I don’t get this thing with Butch Palmer and Anthony Jones.
Mr. Palmer – former hairdresser, outspoken Harrisburg activist and landlord of more than a dozen homes – said in early August that he planned to run for Betty Beard’s seat on the Augusta Commission. Last week, on Sept. 3, he paid the $360 qualifying fee and officially entered.
The next day, which was the last day to qualify, Mr. Jones jumped in the race, too.
These two guys are friends. Before last week, I’d never talked to Mr. Jones in depth, but I’ve been seeing him hanging around with Mr. Palmer for some time. He’s been at Harrisburg neighborhood meetings, and he took part in all three landlord protests with Mr. Palmer.
And the best part: Mr. Jones, 35, is a tenant in one of Mr. Palmer’s houses on Walker Street, just around the corner from where Mr. Palmer lives on Tuttle Street.
Why would two buddies, one paying rent to the other, both in the same group of activists fired up enough about Harrisburg’s problems to take to the streets with placards, each decide to run for the District 1 seat? Don’t people united behind a cause usually rally behind a single candidate? Don’t opposing candidates usually sling mud and mount whisper campaigns?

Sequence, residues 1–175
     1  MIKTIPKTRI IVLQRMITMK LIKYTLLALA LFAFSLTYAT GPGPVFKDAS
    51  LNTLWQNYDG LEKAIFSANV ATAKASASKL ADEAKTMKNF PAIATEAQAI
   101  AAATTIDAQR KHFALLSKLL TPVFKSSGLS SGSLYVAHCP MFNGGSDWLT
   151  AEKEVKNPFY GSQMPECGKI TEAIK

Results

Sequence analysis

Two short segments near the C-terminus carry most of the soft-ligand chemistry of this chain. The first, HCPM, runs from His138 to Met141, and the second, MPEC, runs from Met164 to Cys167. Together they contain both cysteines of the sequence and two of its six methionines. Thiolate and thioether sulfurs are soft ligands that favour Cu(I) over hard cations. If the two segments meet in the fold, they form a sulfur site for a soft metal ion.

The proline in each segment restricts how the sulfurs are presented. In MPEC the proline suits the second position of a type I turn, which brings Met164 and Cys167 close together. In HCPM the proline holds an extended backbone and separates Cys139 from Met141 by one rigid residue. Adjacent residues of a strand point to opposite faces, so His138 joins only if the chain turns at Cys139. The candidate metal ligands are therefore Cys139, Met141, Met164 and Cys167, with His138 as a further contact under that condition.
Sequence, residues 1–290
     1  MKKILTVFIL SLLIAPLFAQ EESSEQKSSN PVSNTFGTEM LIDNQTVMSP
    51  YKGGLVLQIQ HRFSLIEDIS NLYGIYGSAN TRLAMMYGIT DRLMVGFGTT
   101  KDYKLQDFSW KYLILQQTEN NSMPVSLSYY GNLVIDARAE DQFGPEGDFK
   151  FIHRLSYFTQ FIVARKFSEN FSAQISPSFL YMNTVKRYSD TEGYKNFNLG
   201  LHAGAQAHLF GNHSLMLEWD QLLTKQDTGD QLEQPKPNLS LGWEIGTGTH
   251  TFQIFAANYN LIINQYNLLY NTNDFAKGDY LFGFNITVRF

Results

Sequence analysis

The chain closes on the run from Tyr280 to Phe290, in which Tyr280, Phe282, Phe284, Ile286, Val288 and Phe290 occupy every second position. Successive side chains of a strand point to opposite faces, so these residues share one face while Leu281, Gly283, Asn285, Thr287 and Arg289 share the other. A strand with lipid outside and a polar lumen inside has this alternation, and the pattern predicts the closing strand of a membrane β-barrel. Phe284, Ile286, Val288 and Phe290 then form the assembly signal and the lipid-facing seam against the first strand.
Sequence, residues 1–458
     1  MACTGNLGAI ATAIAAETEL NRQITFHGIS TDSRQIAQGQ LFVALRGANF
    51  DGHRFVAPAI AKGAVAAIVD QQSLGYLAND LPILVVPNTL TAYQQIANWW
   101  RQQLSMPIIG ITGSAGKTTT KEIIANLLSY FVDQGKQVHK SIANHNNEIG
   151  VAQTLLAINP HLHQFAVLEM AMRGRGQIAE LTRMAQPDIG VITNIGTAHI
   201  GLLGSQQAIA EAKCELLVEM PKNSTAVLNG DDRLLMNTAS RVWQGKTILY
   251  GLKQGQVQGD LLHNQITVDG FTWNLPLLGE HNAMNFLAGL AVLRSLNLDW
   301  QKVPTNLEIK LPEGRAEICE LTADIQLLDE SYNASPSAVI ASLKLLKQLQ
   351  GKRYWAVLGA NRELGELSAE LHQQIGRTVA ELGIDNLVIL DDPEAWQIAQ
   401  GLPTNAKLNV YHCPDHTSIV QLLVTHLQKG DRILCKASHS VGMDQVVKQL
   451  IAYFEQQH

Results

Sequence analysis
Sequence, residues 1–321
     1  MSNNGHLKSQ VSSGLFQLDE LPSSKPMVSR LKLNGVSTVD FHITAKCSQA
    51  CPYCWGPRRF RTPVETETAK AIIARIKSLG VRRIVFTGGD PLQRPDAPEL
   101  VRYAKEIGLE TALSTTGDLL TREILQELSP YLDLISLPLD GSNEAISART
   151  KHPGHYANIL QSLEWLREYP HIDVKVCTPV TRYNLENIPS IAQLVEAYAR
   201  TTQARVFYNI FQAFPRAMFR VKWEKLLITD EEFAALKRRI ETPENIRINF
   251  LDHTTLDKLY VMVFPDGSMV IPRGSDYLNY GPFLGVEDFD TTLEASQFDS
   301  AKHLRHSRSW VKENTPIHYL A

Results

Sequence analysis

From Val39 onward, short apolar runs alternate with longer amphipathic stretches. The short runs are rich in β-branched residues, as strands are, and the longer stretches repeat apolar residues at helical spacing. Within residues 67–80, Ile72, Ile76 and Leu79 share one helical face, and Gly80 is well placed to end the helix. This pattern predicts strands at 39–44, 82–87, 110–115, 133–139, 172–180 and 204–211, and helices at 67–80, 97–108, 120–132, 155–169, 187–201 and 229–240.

A theory gaining traction is that Mr. Palmer put Mr. Jones up to running as a tactic for splitting up the black vote. Or perhaps he's thinking that if he can't win, maybe Mr. Jones can. The district is 65 percent black. Five people are in the race, and Ms. Beard, who’s not running again, has endorsed William Fennoy.
Mr. Palmer strongly denies he and his tenant are in cahoots. Mr. Palmer said Mr. Jones is “very politically inclined.”
“He’s got a mind of his own,” Mr. Palmer said. “It’s something that he wants. We’re completely different people.”
I saw Mr. Jones at the protest in Forrest Hills on Wednesday, and he also denied there was any collusion. I asked him how Mr. Palmer reacted when he found out he was in the race.
“He wished me good luck, for one,” Mr. Jones said. “He didn’t appear to me as being upset.”
Mr. Palmer says it’s “remarkable” that two Harrisburg residents care enough about the neighborhood to run for office. He said he’s not as interested in winning as he is in bringing problems to light.
“He’s not running against me,” Mr. Palmer said. “I don’t look at anyone as running against me. We’re running for issues for the neighborhood.”
What good that'll do if they're both trounced is beyond me. In this crowded race, that's a likely outcome.